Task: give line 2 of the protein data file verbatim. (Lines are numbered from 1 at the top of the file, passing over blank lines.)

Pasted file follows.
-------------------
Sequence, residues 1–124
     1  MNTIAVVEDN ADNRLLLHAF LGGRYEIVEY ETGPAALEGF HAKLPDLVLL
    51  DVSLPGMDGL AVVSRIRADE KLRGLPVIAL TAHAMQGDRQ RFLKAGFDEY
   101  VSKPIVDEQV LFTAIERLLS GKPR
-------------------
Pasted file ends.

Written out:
     1  MNTIAVVEDN ADNRLLLHAF LGGRYEIVEY ETGPAALEGF HAKLPDLVLL